If you complain I haven't given you enough reading for the week, you might wish to read or review We had to destroy this democracy to save it, which I published in November 2005. Note that no one in Washington has gotten around to tackling the sly question Pundita posed: "What is the difference between a market economy and a democracy?"

That is enough musing out loud. I return now to pondering those four pillars. Ready or not I will post on the status of my cogitations by noon Saturday. Until then, I hope you will join me in thinking on Podhoretz's many challenging points.

* As of this writing, the editorial is not yet available online without registering at the Post; if it's not available Thursday by 4:00 PM Eastern time I will post the entire writing at that time for readers who hate registering at websites.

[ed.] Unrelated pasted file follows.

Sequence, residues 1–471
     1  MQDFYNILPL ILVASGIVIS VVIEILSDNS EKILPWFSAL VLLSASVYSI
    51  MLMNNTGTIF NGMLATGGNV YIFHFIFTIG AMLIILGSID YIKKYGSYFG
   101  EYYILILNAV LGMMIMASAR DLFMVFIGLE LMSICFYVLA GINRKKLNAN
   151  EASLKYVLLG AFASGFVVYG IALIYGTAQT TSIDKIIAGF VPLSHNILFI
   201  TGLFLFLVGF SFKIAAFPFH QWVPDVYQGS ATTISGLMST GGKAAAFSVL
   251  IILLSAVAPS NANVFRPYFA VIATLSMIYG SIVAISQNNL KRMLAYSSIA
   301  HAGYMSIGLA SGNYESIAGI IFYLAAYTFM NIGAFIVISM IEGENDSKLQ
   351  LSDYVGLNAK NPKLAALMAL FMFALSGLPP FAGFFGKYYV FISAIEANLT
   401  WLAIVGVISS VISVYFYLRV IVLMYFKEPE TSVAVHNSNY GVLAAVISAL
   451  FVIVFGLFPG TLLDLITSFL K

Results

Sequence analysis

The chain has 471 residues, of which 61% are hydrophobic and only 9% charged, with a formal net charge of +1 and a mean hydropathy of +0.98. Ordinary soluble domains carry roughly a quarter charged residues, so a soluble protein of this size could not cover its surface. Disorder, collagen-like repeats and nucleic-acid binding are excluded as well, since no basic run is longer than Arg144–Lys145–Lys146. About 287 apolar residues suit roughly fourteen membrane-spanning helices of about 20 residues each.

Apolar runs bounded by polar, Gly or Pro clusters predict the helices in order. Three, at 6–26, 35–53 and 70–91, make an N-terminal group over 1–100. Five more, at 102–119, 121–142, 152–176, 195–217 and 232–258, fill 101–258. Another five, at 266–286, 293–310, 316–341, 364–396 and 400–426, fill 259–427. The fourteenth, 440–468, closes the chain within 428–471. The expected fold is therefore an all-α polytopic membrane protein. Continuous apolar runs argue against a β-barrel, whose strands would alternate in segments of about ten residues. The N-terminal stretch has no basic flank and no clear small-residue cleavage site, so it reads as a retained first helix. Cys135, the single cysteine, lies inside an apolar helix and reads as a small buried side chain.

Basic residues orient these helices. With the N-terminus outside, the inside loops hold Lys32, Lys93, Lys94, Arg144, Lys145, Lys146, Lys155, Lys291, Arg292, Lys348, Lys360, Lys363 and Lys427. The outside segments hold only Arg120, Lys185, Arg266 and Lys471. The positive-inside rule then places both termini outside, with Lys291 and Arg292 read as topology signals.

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Monday, August 21

Whack-a-mole: How US fights when funding dries up

Sunday's Meet the Press program focused on the current situation in Iraq. Kudos to moderator David Gregory for sticking with the Iraqi troop deployment issue long enough to elicit pinpoint replies from Senator John McCain and General Barry McCaffrey.

I've moved around parts of the exchanges and considerably shortened the transcript, so I suggest it is time well spent if you read the entire discussion (both half hours), which is a good snapshot of where things stand now in Iraq for the US effort. Here I concentrate on what I consider the most illuminating and alarming observations; namely:

> We've been told for years that if commanders on the ground in Iraq need more troops they just need ask. Yet according to Senator McCain the decision is supposed to come from the Pentagon, not the commanders on the ground. He describes the issue as one of leadership from Washington.

> McCain asserts that more US troops are needed in Iraq. But the discussion is beside the point because the Army doesn't have enough funds to support more troops and even if they had more troops their equipment is falling apart.